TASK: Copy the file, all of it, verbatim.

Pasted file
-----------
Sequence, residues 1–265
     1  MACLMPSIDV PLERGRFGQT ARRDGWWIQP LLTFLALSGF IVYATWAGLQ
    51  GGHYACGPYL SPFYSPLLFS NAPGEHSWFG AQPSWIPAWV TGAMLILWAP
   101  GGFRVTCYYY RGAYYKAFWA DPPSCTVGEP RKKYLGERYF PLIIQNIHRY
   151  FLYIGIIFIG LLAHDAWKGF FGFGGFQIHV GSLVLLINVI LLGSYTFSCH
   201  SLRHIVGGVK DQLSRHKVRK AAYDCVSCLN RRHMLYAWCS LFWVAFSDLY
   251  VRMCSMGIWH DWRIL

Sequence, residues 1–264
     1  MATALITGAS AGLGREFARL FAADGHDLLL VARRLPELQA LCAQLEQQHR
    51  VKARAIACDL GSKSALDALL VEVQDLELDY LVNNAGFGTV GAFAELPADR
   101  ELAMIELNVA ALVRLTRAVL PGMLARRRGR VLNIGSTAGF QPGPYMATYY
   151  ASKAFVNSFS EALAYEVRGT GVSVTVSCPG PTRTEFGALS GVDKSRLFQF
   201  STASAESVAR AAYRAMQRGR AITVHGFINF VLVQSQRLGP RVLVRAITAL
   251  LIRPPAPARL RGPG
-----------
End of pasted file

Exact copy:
Sequence, residues 1–265
     1  MACLMPSIDV PLERGRFGQT ARRDGWWIQP LLTFLALSGF IVYATWAGLQ
    51  GGHYACGPYL SPFYSPLLFS NAPGEHSWFG AQPSWIPAWV TGAMLILWAP
   101  GGFRVTCYYY RGAYYKAFWA DPPSCTVGEP RKKYLGERYF PLIIQNIHRY
   151  FLYIGIIFIG LLAHDAWKGF FGFGGFQIHV GSLVLLINVI LLGSYTFSCH
   201  SLRHIVGGVK DQLSRHKVRK AAYDCVSCLN RRHMLYAWCS LFWVAFSDLY
   251  VRMCSMGIWH DWRIL

Sequence, residues 1–264
     1  MATALITGAS AGLGREFARL FAADGHDLLL VARRLPELQA LCAQLEQQHR
    51  VKARAIACDL GSKSALDALL VEVQDLELDY LVNNAGFGTV GAFAELPADR
   101  ELAMIELNVA ALVRLTRAVL PGMLARRRGR VLNIGSTAGF QPGPYMATYY
   151  ASKAFVNSFS EALAYEVRGT GVSVTVSCPG PTRTEFGALS GVDKSRLFQF
   201  STASAESVAR AAYRAMQRGR AITVHGFINF VLVQSQRLGP RVLVRAITAL
   251  LIRPPAPARL RGPG